Author-driven marketing efforts are more accessible than ever – and you don’t even need to break the bank. The next few posts on marketing were taken from a marketing packet that fellow author Lara Zeises and I prepared for a conference.
See what you can do for free:
Design a free Web site. Try Google Pages or Yahoo! Pages for a sophisticated looking site that’s easy to produce (if you know how to type in Word, you can master this software). THERE IS NO MORE IMPORTANT MARKETING TOOL THAN A WEB SITE.
Learn to love social media. Whether you choose to establish yourself on Facebook, LiveJournal, Blogger, Twitter or all of the above, these social media sites are almost as important as web sites these days. Bonus points if your blog serves a function or has a distinct personality.
Post to listserves/message boards. It’s a great way to meet other authors and network outside of your local circle. Be sure to put your web and blog addresses, as well as info about your upcoming releases, in your e-mail ‘signature’.
Work the online bookstores. Create an Amazon.com “plog” (their version of a blog), or ask friends and fans to post positive reviews on BarnesandNoble.com. Don’t forget Booksense.com, the online presence for indie stores.
Create and send your own email newsletter. What better way to let everyone know what you’re up to?
Introduce yourself to booksellers and librarians. They can be your biggest advocates.
Sign stock. Don’t forget to do this when you travel as well.
Arrange readings/signings. Your publicist may be able to help with this, but if not, make an appointment to see a community relations rep or local owner where you’d like to do a reading/signing. Even if two people show up, you’ve forged a connection.
Attend free literary events. PEN New England’s Children’s Caucus offers awesome opportunities to hear other authors speak in my local area. Also, find out which authors are coming to your local libraries.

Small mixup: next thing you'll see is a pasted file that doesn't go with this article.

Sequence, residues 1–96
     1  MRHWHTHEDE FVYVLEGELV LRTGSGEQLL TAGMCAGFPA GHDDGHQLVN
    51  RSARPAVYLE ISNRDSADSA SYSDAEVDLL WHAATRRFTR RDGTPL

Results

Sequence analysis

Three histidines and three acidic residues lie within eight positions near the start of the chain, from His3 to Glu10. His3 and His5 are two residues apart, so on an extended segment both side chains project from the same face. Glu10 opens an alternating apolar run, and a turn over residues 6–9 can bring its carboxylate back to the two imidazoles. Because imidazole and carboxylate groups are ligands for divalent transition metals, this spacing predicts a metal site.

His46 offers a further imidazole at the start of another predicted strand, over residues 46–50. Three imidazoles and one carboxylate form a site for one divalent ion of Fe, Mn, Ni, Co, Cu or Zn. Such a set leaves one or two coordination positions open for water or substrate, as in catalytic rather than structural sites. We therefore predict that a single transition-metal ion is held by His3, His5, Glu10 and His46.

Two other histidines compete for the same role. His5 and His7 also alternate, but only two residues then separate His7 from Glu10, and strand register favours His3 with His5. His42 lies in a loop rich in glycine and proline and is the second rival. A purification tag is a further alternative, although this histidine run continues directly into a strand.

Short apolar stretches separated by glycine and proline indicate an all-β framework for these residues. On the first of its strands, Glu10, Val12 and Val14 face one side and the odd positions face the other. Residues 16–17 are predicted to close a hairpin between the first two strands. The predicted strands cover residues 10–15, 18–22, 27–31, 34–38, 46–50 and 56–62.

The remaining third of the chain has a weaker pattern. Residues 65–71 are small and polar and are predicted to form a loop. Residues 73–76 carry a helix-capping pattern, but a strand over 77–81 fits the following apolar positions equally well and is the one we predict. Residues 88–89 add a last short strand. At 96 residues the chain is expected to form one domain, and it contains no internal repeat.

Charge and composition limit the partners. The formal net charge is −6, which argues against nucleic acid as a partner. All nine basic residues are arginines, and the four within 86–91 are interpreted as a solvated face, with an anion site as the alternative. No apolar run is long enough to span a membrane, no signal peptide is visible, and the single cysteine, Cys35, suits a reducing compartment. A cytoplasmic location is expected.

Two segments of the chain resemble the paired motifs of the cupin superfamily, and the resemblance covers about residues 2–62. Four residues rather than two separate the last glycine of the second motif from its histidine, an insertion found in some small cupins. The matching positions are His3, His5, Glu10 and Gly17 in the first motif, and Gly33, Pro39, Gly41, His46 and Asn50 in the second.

Volunteer at conferences. Often donating your time will grant you access to the conference at a reduced rate. So not only are you actively involved and meeting new people, you’re reaping the benefits of the conference itself.
Create reading/teacher guides for your book and offer them for download on your web site. Better yet, seek out a young librarian or new teacher to do the work for you as a portfolio builder.
Donate your goods/services for an auction or charity. Whether it’s a 10-page critique or signed copies of your book, you’re giving something back and getting your name out there at the same time.
Send a press release to local publications of interest – and don’t forget your alumni magazines. Often you can get your publicist to send you their version, which you can then tailor for each publication. Colleges especially love to brag about alumni accomplishments, and you never know who’ll be reading.
Open up an online store on CaféPress.com or Spreadshirt.com. It doesn’t take a lot of tech savvy to design these promo items. Get permission to use your book’s cover art, or have an artist pal whip up a logo for the fictional high school in your novel, or use royalty-free clip art.
Volunteer to speak at a school, library or conference. It’s a great way to try out new things.
Laurie Faria Stolarz’s author website: www.lauriestolarz.com
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